We’ve segmented the institutional trading tech market into 7 key buckets, categorizing companies based on our view of their most popular use case, but several of these companies could fit into multiple buckets:

  1. Data/Analytics: There are a range of tools spanning from research-oriented to analytics/trade intelligence-oriented. Messari has built a unique position as one of the leading providers of blockchain research and is increasingly offering analytics capabilities. The Tie is building a holistic tool for institutional users (“Bloomberg for crypto”). Nansen and TRM are often being used for trade intelligence: identifying and evaluating counterparties in a pool. Coin Metrics, Kaiko, and Dune Analytics all offer various forms of market data to traders. Amberdata provides blockchain and digital asset data via API and publishes derivatives/options research.
  2. Tax and Accounting: These tools deliver software-driven middle- and back-office solutions for asset managers, third-party administrators, TradFi institutions, exchanges, merchants, crypto-native businesses, and consumers. CoinTracker and TaxBit provide automated tax solutions. Lukka, Bitwave, and Cryptio are building blockchain data management capabilities in addition to tax.
  3. Portfolio Management: This segment may represent a gap in the trading tech ecosystem. Large trading firms such as Genesis and Hidden Road Partners have built their own in-house platforms, creating a potential niche to serve small- to mid-sized funds, especially those with mandates that fall outside of DeFi. Treehouse Finance and xyz offer all-in-one platforms to invest in DeFi protocols and track positions with advanced analytics. Haruko provides both CeFi and DeFi portfolio management tools, in addition to blockchain data and risk monitoring tools.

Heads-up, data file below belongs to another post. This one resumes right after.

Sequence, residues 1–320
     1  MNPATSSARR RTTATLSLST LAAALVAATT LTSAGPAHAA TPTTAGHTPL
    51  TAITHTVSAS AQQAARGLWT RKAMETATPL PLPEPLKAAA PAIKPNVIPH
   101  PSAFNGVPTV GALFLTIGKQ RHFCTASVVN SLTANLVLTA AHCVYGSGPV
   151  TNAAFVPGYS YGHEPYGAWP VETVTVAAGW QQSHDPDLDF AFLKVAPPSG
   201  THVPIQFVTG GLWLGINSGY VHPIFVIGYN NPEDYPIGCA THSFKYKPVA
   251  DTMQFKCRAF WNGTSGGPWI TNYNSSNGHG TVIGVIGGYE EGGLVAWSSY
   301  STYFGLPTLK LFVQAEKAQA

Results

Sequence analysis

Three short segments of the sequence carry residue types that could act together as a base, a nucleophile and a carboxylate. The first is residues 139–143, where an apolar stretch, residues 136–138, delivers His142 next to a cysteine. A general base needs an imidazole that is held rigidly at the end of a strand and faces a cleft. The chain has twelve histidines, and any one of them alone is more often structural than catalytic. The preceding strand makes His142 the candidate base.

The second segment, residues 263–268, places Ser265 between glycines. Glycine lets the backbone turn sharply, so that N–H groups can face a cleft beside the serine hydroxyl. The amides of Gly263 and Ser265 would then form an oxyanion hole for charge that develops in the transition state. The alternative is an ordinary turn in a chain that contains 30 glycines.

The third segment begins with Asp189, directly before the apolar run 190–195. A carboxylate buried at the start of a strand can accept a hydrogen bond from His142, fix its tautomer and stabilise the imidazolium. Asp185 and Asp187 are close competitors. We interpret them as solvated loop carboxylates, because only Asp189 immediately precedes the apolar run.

4. Trade Execution: The digital asset trade execution market bifurcates between solutions for centralized and decentralized trading venues. We anticipate growth and eventual consolidation, like the TradFi OEMS market. Bloxroute Labs and Flashbots offer capabilities to trade in private mempools to avoid others frontrunning trades. CoinRoutes and Elwood enable best execution across centralized venues. Talos offers similar capability and enables trading in OTC venues. Paradigm is a specialized solution for derivatives traders.
  5. Real World Assets: These companies provide on-chain exposure to traditional, real-world assets such as mortgages (Brightvine), home equity loans (Figure), corporate debt (Goldfinch), derivatives (Synthetix), cash/USD (Circle), and higher-yield investment products (Fortunafi).
  6. Custody: There a broad range of companies offering custody solutions, both as point solutions or within broader platforms. The segment can be bifurcated into self-custody (e.g., Ledger, Qredo, Fireblocks) and third-party custody solutions (e.g., BitGo, Anchorage Digital, Copper). Fireblocks and Copper are creating proprietary settlement networks in addition to their custody solutions.